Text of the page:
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10 September, 2011

What is our Continuing Fascination with 112 Ocean Avenue?

The facts in the case are well-known and deceptively simple:  On November 13th, 1974, a young man named Ronald “Butch” DeFeo, Jr. murdered his father, mother, two sisters, and two brothers in their sleep.  Whether or not he acted alone, whether or not there were demonic voices urging him to act, whether or not he was sane at the time, all are matters of conjecture and dispute.  What can’t be disputed is that these events led to something that has had a grip on the imagination of horror fans for over thirty years.  While the DeFeo name, or even the address of the home in which the family perished (112 Ocean Avenue) might not shed any light, the name of the small town in which they lived and died will instantly bring it into sharp focus:  Amityville, New York.

The transformation of the 1925 three-story Dutch Colonial house, from family home / crime scene, to one of the most recognizable “characters” in Horror, began in December, 1975, when George and Kathy Lutz, with their children, moved into the DeFeo home.  Within a month they had abandoned it, and two years later had written a book with Jay Anson purporting to recount their experiences in the home.

Though the book was later dismissed as an admitted hoax, it spawned a movie franchise that, to date, has given us more sequels than either Freddy Krueger or Michael Myers, and almost as many as Jason Voorhees.  THE AMITYVILLE HORROR, released in 1979 starring James Brolin and Margot Kidder as the Lutz’s, was enormously successful, ultimately earning over $86 Million at the box-office.

Three years later, AMITYVILLE II: THE POSSESSION took a closer look at the DeFeo murders, though fictionalized to the point of being unrecognizable.  This was followed by a third theatrical release in 1983, and a string of forgettable, Straight-to-Video sequels that gave us everything from a demonic dollhouse to a possessed clock.  Finally, in 2005, the original was remade by Andrew Douglas, from an adaptation of the Anson novel by Scott Kosar.

Why are we still fascinated by this house and the fictional events associated with it, thirty-seven years after the far more shocking and horrifying murders that first brought it to national attention?  Why is the original still considered one of the most important Horror Films of the 1970’s?  And why, after nine separate film iterations of the basic Amityville story has the truly fascinating, truly frightening story of the DeFeo family received such short shrift?  I have no idea.

The 1979 original, directed by Stuart Rosenberg from a script by Sandor Stern, is an interesting look at the events that were later demonstrated to be a hoax, but as a Horror Film, it was weak and ineffective, totally failing to capture the psychological impact of Jay Anson’s book.  And as for the sequels, they deserve scant mention.  While “Two” wasn’t terrible, neither was it a good movie.  And the remainder of the series was execrable.  Possessed clocks, mirrors, and dollhouses were foisted on the movie-going (actually “-renting”…) public, all bearing no relation whatsoever to the original film, and even less to the truth behind Anson’s novel.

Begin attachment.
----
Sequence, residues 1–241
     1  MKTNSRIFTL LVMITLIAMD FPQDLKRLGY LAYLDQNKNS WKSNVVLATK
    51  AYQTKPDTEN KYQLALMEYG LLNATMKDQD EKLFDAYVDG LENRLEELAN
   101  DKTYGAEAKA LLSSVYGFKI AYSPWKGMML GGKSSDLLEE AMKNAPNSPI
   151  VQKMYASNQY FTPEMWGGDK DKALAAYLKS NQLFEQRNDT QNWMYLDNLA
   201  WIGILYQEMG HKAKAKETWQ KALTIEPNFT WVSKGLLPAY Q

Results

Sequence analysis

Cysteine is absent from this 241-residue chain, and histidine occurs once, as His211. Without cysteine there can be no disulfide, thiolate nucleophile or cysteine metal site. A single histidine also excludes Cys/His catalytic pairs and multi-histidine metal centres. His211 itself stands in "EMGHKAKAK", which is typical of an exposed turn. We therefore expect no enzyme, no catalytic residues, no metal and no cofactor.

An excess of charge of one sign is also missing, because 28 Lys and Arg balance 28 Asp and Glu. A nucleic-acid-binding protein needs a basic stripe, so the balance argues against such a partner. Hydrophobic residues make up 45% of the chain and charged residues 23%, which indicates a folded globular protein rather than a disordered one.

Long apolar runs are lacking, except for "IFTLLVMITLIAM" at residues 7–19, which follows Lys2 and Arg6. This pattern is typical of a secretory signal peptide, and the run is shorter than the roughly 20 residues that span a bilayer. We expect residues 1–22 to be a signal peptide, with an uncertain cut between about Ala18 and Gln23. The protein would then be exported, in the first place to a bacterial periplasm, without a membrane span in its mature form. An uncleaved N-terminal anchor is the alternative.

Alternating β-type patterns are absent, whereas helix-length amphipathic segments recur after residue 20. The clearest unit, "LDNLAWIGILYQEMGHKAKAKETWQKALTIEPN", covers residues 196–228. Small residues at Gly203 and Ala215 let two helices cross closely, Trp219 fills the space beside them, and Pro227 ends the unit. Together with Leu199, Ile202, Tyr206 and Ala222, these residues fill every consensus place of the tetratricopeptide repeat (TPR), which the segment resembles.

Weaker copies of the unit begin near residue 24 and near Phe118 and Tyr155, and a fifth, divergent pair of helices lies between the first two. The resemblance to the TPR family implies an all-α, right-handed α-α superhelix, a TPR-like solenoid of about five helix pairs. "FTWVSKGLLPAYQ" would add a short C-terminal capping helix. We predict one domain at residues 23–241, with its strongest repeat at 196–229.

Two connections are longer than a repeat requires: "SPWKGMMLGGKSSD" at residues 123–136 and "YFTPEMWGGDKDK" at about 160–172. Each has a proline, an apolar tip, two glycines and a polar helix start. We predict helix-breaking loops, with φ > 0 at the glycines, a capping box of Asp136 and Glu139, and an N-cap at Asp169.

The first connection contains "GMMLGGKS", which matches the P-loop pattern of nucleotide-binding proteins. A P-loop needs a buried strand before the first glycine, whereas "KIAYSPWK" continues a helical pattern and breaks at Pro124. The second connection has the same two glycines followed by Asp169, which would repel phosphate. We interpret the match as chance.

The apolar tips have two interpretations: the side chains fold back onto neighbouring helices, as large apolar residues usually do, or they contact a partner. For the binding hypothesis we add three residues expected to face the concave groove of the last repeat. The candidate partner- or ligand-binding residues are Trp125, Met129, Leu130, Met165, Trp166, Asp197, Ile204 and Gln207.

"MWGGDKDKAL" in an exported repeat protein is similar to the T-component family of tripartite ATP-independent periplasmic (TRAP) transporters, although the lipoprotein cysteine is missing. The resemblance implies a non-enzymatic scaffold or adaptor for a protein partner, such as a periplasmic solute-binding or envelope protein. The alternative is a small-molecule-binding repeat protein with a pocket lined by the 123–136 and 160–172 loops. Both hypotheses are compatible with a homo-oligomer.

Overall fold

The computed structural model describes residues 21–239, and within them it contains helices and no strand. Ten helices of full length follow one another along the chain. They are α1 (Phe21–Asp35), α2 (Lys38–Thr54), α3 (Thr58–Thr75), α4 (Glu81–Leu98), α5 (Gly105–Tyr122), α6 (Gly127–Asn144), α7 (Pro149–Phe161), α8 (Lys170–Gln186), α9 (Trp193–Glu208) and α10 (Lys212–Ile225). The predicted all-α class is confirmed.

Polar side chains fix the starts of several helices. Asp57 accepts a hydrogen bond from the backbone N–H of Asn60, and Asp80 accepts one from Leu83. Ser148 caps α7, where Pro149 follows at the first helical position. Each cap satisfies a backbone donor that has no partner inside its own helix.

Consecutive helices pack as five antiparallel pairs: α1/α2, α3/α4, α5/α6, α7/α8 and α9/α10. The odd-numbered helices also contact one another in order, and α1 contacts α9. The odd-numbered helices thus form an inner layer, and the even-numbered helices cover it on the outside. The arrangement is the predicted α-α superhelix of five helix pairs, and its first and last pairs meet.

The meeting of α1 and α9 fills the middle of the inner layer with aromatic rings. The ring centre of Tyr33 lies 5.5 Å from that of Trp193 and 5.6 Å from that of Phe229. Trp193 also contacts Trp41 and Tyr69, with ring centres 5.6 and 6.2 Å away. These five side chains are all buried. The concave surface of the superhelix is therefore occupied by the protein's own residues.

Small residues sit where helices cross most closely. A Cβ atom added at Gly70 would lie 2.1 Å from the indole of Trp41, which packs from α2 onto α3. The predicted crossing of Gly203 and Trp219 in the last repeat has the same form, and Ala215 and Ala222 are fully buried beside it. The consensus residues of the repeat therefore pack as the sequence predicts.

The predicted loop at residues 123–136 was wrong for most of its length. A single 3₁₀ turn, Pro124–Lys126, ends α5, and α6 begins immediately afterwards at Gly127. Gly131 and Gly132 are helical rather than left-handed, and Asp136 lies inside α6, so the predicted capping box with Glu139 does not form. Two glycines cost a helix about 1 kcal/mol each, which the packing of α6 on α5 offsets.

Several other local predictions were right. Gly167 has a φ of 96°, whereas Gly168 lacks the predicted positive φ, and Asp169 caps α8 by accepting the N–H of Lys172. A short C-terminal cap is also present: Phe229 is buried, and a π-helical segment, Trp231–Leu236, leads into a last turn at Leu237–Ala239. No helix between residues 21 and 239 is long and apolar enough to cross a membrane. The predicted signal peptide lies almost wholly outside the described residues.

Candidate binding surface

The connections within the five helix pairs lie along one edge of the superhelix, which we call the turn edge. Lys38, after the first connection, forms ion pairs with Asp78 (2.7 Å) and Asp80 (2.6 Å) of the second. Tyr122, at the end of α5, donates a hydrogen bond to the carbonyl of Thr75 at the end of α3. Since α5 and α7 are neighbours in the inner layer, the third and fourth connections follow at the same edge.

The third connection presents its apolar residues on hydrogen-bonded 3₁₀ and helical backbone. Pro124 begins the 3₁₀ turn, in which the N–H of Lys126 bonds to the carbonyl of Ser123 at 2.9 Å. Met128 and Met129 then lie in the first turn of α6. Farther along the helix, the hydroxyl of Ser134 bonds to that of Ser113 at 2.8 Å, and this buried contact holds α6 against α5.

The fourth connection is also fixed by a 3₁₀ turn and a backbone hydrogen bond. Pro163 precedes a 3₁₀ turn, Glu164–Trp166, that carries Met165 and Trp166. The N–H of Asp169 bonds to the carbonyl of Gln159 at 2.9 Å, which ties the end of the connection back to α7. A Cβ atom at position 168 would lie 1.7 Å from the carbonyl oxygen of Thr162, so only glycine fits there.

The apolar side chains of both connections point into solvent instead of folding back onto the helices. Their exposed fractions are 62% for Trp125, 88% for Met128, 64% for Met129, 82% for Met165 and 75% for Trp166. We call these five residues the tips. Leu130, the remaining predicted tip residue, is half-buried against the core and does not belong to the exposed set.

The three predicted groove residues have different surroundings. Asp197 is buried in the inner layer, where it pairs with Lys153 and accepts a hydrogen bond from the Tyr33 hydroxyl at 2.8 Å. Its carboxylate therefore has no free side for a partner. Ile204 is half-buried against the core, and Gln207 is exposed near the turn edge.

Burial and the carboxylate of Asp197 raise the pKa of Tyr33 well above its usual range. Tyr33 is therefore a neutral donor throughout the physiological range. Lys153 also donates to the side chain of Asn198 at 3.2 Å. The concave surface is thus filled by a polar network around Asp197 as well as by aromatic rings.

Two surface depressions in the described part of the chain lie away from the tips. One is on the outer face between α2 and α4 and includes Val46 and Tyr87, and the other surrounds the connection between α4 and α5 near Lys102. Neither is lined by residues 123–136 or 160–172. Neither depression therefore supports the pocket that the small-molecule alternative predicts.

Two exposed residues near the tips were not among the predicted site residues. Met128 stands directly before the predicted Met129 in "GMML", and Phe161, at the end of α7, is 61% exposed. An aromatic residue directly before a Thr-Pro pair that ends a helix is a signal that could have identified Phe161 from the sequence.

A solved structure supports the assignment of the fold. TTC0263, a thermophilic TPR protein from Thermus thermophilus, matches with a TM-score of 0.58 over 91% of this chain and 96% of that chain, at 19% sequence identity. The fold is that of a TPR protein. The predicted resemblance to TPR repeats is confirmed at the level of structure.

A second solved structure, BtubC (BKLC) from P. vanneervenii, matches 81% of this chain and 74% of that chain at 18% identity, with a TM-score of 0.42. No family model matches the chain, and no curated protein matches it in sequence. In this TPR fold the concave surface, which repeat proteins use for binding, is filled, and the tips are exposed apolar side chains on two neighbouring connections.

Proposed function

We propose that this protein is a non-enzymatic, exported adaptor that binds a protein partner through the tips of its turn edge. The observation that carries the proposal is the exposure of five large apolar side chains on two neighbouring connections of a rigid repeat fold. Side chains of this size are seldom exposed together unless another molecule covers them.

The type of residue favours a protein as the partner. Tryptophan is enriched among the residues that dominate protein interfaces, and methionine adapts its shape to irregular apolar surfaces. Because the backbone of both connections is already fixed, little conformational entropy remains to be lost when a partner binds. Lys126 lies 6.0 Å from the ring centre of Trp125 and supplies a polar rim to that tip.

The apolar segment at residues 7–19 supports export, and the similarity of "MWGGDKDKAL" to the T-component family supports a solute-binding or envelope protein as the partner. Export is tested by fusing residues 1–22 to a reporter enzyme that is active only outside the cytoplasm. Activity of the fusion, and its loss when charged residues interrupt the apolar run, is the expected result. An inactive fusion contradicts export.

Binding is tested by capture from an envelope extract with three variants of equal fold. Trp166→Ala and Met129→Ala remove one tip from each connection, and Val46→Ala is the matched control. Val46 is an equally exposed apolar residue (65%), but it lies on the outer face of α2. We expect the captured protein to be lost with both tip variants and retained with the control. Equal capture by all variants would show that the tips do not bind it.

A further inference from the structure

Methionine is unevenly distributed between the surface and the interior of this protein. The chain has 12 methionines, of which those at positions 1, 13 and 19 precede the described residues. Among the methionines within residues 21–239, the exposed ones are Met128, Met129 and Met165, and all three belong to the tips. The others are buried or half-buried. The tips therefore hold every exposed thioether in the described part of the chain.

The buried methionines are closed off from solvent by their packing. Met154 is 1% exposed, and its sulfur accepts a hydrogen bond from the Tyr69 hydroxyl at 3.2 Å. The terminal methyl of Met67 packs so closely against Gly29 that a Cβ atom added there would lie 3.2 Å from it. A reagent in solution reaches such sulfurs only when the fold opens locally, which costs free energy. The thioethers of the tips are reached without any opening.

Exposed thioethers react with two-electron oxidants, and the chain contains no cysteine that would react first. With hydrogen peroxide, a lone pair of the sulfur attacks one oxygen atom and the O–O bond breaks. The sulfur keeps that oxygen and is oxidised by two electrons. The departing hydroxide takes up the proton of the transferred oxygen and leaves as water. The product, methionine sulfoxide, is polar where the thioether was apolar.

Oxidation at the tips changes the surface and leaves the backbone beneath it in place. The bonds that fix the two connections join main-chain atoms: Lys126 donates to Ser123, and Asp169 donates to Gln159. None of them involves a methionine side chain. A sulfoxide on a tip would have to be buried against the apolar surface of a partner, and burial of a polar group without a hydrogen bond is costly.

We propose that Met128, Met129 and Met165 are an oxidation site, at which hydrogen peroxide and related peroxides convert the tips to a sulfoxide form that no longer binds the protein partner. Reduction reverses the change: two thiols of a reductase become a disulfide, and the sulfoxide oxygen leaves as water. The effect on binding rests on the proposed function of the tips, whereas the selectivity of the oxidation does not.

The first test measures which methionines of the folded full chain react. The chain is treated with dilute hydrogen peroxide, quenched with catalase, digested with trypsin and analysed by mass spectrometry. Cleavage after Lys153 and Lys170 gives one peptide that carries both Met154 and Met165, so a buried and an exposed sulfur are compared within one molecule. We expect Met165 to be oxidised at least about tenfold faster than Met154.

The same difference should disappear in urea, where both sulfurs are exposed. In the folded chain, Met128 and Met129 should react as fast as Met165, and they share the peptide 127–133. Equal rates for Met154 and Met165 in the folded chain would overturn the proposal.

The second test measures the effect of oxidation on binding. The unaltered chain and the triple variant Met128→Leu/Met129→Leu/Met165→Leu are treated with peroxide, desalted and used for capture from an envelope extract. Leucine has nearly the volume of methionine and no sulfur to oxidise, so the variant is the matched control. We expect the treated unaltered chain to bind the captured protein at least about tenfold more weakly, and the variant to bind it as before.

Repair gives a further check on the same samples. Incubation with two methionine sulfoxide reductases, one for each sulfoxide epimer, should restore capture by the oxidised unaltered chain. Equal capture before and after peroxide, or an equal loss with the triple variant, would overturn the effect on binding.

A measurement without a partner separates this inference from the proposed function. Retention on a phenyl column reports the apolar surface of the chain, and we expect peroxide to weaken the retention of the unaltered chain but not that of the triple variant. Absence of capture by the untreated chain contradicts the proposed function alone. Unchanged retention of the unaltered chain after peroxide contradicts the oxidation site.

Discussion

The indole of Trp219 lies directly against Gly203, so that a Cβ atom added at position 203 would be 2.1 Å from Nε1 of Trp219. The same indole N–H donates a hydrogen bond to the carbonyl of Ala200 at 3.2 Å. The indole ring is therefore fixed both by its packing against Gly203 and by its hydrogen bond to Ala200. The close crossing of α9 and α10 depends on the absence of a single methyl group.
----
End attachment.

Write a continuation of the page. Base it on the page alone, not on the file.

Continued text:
The true story of the DeFeo murders is a intriguing, disturbing look inside the All-American family, a family that, at it’s core, was in all probability deeply dysfunctional.  The events of the 13th of November, 1974 weren’t the beginning of the DeFeo family’s troubles; they couldn’t have been.  Rather, it was the end product of… something.  Just what is still a matter of debate, but it’s difficult to believe that any young man, even one addicted to drugs, would viciously slaughter his entire family without some prior history of abuse, without some motivation other than simply being “pissed off …”

Though several books, most recently Ric Osuna’s “The Night the DeFeos Died”, have put forth various theories about the murders, including Anson’s recounting of the “possession” defense used at Butch DeFeo’s trial, none are totally satisfactory, and all have holes that provide fuel to the growing controversy over the deaths.  In my opinion, this would be much more fertile ground for a movie than yet another AMITYVILLE sequel.  What would be next, AMITYVILLE 9:  SATAN’S MICROWAVE??

What happened on that night, thirty-seven years ago?  What could drive Butch DeFeo to murder six people; not strangers, but his intimate family?  How could one individual shoot six people, in four separate bedrooms, with a high-powered rifle without any evidence that they were aware that they were being murdered?  I don’t know.  But I would very much like to.

I’d like to know just what occurred to push the home of an “All-American” family from obscurity into the national spotlight.  I’d like to know what made Butch decide that he had had enough of whatever dysfunction must have permeated that house.  I want to know why Ronald, Louise, Dawn, Allison, John, and Marc had to die.  Keep the haunted clocks and mirrors; the truth is far more frightening.

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